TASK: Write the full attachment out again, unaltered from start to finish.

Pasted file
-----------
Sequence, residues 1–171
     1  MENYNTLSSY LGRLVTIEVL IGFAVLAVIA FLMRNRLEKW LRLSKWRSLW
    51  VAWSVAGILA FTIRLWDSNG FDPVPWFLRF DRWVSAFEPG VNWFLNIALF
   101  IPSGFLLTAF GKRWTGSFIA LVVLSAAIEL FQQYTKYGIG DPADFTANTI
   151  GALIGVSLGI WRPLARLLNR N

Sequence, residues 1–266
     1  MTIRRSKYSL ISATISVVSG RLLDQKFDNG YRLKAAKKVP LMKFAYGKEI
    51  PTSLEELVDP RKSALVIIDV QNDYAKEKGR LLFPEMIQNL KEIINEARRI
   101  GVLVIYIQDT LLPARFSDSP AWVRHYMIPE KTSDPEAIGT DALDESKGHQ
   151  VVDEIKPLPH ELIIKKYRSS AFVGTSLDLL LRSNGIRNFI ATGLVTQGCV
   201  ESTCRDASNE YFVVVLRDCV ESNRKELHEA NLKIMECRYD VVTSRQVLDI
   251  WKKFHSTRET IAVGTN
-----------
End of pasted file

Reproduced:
Sequence, residues 1–171
     1  MENYNTLSSY LGRLVTIEVL IGFAVLAVIA FLMRNRLEKW LRLSKWRSLW
    51  VAWSVAGILA FTIRLWDSNG FDPVPWFLRF DRWVSAFEPG VNWFLNIALF
   101  IPSGFLLTAF GKRWTGSFIA LVVLSAAIEL FQQYTKYGIG DPADFTANTI
   151  GALIGVSLGI WRPLARLLNR N

Sequence, residues 1–266
     1  MTIRRSKYSL ISATISVVSG RLLDQKFDNG YRLKAAKKVP LMKFAYGKEI
    51  PTSLEELVDP RKSALVIIDV QNDYAKEKGR LLFPEMIQNL KEIINEARRI
   101  GVLVIYIQDT LLPARFSDSP AWVRHYMIPE KTSDPEAIGT DALDESKGHQ
   151  VVDEIKPLPH ELIIKKYRSS AFVGTSLDLL LRSNGIRNFI ATGLVTQGCV
   201  ESTCRDASNE YFVVVLRDCV ESNRKELHEA NLKIMECRYD VVTSRQVLDI
   251  WKKFHSTRET IAVGTN